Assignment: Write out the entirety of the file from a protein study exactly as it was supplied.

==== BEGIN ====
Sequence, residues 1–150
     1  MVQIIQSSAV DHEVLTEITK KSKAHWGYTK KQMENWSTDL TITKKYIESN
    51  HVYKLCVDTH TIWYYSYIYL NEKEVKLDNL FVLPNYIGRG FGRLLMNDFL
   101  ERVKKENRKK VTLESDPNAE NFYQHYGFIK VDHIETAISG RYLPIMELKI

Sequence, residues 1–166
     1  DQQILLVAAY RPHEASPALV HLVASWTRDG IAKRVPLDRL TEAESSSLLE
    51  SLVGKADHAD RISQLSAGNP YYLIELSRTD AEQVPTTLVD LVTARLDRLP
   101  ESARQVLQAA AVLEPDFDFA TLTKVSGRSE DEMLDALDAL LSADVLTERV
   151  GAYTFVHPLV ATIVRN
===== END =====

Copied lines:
Sequence, residues 1–150
     1  MVQIIQSSAV DHEVLTEITK KSKAHWGYTK KQMENWSTDL TITKKYIESN
    51  HVYKLCVDTH TIWYYSYIYL NEKEVKLDNL FVLPNYIGRG FGRLLMNDFL
   101  ERVKKENRKK VTLESDPNAE NFYQHYGFIK VDHIETAISG RYLPIMELKI

Sequence, residues 1–166
     1  DQQILLVAAY RPHEASPALV HLVASWTRDG IAKRVPLDRL TEAESSSLLE
    51  SLVGKADHAD RISQLSAGNP YYLIELSRTD AEQVPTTLVD LVTARLDRLP
   101  ESARQVLQAA AVLEPDFDFA TLTKVSGRSE DEMLDALDAL LSADVLTERV
   151  GAYTFVHPLV ATIVRN